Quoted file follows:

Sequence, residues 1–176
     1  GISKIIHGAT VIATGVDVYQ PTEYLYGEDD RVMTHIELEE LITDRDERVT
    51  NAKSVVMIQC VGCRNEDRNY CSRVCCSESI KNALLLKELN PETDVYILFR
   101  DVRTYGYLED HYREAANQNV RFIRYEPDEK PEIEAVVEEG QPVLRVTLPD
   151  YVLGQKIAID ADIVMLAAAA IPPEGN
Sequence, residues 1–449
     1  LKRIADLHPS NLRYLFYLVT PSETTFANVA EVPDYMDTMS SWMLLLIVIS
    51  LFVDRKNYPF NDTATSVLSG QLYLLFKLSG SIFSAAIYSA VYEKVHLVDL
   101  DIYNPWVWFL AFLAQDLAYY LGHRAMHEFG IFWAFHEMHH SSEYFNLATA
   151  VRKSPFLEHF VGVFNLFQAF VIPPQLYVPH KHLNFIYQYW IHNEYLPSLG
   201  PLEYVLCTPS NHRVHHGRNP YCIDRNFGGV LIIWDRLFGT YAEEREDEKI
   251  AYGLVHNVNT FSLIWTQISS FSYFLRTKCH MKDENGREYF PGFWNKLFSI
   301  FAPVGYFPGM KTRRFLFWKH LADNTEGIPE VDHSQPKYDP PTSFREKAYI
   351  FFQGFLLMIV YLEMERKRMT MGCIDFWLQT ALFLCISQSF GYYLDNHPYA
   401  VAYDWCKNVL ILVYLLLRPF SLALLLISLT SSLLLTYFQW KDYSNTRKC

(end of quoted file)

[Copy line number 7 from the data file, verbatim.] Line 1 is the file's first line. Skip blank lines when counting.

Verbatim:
     1  LKRIADLHPS NLRYLFYLVT PSETTFANVA EVPDYMDTMS SWMLLLIVIS